Objects: Aboutness

Table of Contents

Up: Objects

Introduction

The features described in this section are information about the object, and are mostly interpretive rather than absolute. For example, any number of accurate descriptions of an object could be provided without invalidating the others, whereas only a single set of dimension measurements can be correct at a given time.

Description

The main description of the object is provided in the same manner as other such texts; as the value of a LinguisticObject resource. The classification for descriptions is (aat:300080091). The description can include any content that describes the object, and is useful primarily for display to a human user.

{
  "@context": "https://linked.art/ns/v1/linked-art.json", 
  "id": "https://linked.art/example/object/29", 
  "type": "ManMadeObject", 
  "label": "Example Painting", 
  "classified_as": ["aat:300033618","aat:300133025"], 
  "referred_to_by": [
    {
      "id": "https://linked.art/example/text/19", 
      "type": "LinguisticObject", 
      "value": "The Example Painting is a great example of exampleness.", 
      "classified_as": ["aat:300080091"]
    }
  ]
}

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A list of related objects is often known for any given object, however the reason for the relation is not recorded. In this circumstance, the best that can be done is to record that there is some relationship using the related property. If there are more details known about the relationship then more specific patterns should be used instead.

{
  "@context": "https://linked.art/ns/v1/linked-art.json", 
  "id": "https://linked.art/example/object/30", 
  "type": "ManMadeObject", 
  "label": "Another Example Painting", 
  "classified_as": ["aat:300033618","aat:300133025"], 
  "related": [
    {
      "id": "https://linked.art/example/object/31", 
      "type": "ManMadeObject", 
      "label": "Yet Another Example Painting", 
      "classified_as": ["aat:300033618","aat:300133025"]
    }
  ]
}

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Depiction

Many sorts of artwork depict things that can be pointed out in the artwork. These could be identifiable entities, such as a known Person or Object with a name or identifier, or unidentifiable (perhaps fictional) instances of a class of entity, such as a depiction of a battle but not any particular battle. For example a portrait depicts the person sitting for it, or a sketch of a generic landscape depicts a place even if it's not a particular, known location. The depiction pattern describes what is in the artwork's image.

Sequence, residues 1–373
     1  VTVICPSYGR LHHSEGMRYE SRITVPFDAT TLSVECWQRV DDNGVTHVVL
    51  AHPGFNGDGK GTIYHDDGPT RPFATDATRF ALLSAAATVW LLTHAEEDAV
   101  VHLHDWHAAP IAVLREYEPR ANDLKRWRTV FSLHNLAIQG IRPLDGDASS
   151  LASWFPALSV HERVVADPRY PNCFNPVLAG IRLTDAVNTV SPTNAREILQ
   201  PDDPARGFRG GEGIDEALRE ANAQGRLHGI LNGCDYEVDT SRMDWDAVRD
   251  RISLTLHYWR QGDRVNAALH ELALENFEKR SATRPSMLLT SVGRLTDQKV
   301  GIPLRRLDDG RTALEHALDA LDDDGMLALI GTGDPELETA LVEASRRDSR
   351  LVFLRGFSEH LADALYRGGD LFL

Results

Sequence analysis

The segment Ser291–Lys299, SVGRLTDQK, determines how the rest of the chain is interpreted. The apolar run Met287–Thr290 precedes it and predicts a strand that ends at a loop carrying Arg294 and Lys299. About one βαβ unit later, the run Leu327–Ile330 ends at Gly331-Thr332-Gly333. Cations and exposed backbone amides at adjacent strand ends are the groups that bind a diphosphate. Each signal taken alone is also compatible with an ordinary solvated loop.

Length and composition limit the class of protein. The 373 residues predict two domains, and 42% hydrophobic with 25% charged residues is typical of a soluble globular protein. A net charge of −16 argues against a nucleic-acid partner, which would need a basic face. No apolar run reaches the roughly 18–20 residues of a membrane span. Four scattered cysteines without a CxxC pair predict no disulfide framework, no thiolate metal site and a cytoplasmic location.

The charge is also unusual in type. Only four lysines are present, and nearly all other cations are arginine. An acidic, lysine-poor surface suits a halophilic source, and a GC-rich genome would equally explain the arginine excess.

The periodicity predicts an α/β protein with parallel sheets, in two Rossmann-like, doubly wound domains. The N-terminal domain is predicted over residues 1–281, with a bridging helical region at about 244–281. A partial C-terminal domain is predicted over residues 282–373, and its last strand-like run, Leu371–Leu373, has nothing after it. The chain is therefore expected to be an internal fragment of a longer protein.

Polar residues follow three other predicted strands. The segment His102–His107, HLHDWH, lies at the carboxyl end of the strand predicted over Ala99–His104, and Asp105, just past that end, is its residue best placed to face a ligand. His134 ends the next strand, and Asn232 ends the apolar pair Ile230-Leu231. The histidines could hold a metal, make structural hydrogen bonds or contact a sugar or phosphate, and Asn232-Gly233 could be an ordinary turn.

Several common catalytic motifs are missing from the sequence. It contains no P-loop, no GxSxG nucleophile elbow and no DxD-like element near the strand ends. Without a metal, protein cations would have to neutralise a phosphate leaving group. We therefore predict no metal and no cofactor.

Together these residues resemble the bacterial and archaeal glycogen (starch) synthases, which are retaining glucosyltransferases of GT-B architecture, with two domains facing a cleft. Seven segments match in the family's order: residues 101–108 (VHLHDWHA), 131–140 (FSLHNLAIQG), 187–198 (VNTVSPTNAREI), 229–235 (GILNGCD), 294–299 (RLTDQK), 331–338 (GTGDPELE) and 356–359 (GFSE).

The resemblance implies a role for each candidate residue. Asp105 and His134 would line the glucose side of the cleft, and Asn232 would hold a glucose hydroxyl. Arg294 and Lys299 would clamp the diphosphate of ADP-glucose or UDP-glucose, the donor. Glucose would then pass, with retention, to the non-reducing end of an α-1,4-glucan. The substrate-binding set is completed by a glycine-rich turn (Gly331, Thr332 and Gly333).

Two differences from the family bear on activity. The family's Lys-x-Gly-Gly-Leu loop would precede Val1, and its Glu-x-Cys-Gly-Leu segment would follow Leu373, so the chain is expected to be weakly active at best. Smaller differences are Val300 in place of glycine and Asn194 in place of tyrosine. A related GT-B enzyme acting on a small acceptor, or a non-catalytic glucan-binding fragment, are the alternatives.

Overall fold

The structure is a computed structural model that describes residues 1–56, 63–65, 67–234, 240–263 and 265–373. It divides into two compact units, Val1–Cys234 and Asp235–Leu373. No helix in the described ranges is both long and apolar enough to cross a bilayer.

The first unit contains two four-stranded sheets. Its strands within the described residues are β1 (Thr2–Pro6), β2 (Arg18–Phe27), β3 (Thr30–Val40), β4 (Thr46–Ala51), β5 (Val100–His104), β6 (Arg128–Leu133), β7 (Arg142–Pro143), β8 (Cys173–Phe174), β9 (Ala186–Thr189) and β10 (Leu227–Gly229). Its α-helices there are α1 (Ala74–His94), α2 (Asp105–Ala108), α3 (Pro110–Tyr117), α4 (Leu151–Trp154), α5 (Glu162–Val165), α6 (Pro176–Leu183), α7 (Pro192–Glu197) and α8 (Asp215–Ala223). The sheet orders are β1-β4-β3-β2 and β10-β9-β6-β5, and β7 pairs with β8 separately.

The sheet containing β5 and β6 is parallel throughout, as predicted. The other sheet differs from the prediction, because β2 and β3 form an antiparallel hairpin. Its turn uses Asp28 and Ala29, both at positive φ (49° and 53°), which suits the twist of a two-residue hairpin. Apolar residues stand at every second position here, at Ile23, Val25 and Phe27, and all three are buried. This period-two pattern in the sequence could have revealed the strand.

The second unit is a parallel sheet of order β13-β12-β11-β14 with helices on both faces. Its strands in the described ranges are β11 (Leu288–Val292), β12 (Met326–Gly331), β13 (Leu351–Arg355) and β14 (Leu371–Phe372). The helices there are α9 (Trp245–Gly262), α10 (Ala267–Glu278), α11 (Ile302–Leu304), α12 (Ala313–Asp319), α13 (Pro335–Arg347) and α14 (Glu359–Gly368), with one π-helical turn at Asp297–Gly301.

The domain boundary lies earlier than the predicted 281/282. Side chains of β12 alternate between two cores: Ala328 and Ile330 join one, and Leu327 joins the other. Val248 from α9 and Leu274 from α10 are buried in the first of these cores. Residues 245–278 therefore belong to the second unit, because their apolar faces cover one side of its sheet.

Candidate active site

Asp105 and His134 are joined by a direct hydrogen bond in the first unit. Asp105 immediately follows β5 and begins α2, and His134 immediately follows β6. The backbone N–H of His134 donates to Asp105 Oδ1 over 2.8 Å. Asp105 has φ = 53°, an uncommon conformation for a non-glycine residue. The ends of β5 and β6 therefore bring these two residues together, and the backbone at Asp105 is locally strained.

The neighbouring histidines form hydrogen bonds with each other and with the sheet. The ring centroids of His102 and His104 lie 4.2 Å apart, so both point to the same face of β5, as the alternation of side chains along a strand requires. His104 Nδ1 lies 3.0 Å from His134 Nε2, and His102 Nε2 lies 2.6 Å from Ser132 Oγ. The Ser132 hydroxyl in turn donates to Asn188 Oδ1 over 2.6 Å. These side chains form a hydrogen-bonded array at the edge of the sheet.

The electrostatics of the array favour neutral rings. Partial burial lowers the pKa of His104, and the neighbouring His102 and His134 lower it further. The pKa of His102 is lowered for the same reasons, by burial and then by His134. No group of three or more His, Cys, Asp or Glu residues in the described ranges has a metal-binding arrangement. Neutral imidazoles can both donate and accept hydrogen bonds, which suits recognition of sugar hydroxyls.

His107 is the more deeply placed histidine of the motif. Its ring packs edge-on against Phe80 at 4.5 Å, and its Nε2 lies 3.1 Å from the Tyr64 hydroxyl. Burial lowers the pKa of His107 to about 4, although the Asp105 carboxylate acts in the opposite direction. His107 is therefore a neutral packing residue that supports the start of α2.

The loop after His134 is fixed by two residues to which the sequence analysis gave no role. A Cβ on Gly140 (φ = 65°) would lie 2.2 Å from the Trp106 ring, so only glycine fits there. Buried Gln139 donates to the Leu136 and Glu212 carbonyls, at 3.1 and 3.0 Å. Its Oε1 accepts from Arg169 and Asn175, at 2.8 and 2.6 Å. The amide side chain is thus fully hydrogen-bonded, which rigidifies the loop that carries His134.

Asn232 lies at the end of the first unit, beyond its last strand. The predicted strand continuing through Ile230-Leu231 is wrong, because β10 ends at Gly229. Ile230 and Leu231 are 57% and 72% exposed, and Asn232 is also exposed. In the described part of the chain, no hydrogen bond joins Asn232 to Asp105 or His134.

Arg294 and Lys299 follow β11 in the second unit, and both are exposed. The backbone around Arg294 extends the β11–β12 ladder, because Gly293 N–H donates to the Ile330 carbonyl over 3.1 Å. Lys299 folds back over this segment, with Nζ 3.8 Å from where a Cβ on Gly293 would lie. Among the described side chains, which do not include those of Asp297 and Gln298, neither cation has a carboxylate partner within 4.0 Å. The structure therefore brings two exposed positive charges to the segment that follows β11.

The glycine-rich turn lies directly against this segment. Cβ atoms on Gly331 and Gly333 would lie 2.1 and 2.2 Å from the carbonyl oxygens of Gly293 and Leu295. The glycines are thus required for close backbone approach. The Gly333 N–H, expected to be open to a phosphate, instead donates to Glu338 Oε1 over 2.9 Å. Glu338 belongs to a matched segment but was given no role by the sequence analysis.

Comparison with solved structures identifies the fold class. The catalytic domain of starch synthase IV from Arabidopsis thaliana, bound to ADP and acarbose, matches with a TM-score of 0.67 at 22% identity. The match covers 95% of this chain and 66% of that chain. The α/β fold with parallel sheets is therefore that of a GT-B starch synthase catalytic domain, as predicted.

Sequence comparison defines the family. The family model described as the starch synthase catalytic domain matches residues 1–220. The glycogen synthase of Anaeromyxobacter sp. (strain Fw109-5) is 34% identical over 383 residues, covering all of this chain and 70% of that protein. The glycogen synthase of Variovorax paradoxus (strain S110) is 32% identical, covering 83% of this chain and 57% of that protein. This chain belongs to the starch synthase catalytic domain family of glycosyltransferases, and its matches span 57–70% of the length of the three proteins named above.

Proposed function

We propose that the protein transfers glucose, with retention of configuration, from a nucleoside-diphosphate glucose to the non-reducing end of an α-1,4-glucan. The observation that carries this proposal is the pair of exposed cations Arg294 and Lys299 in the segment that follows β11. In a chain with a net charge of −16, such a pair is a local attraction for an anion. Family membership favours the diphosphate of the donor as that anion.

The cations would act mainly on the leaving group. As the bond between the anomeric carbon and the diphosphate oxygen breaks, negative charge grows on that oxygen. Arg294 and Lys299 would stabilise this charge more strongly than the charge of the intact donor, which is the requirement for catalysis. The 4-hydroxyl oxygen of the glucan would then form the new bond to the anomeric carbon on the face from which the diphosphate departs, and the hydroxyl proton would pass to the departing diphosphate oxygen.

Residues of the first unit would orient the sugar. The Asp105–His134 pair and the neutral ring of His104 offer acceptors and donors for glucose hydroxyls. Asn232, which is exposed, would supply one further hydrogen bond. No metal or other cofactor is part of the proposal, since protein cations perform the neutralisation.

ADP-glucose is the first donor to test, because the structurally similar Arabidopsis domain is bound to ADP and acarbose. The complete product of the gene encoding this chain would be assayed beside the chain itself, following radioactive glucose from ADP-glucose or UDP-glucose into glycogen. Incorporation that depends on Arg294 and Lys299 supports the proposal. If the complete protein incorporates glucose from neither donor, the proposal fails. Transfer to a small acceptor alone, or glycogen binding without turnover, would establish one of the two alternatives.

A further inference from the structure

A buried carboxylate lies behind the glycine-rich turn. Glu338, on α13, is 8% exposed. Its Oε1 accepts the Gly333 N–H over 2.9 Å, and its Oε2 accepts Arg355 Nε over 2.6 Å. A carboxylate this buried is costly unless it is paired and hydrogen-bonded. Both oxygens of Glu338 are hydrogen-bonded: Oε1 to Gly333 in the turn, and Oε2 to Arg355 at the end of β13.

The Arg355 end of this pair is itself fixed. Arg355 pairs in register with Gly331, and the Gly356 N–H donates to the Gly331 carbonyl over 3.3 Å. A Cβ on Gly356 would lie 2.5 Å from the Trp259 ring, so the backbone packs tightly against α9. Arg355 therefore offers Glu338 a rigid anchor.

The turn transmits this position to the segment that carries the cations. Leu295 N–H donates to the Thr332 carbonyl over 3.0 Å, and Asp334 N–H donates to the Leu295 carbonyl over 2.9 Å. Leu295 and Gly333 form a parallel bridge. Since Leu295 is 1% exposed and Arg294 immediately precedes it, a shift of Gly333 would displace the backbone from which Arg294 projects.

The model uses a VisualItem resource to stand for the visual content of the object, be it a painting, photograph or statue. The object shows the VisualItem, which in turn represents the things depicted. This is the same model as for digital images of the object.

{
  "@context": "https://linked.art/ns/v1/linked-art.json", 
  "id": "https://linked.art/example/object/32", 
  "type": "ManMadeObject", 
  "label": "Self Portrait", 
  "classified_as": ["aat:300033618","aat:300133025"], 
  "produced_by": {
    "id": "https://linked.art/example/activity/23", 
    "type": "Production", 
    "carried_out_by": [
      {
        "id": "https://linked.art/example/actor/2", 
        "type": "Actor", 
        "label": "Artist"
      }
    ]
  }, 
  "shows": [
    {
      "id": "https://linked.art/example/VisualItem/1", 
      "type": "VisualItem", 
      "represents": ["https://linked.art/example/actor/2"]
    }
  ]
}

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Subject

Subjects are the concepts or things that the artwork evokes, as opposed to an object (real or imaginary) that is depicted by the artwork. For example, a portrait of a military commander in full regalia on a battlefield depicts the person and the place, but could be interpreted to have a subject of "war". A painting with an allusion to a piece of literature does not depict the literature, but instead evokes it as a subject. This could be thought of as what the artwork is about rather than what can be seen, or as why the content in the artwork is present.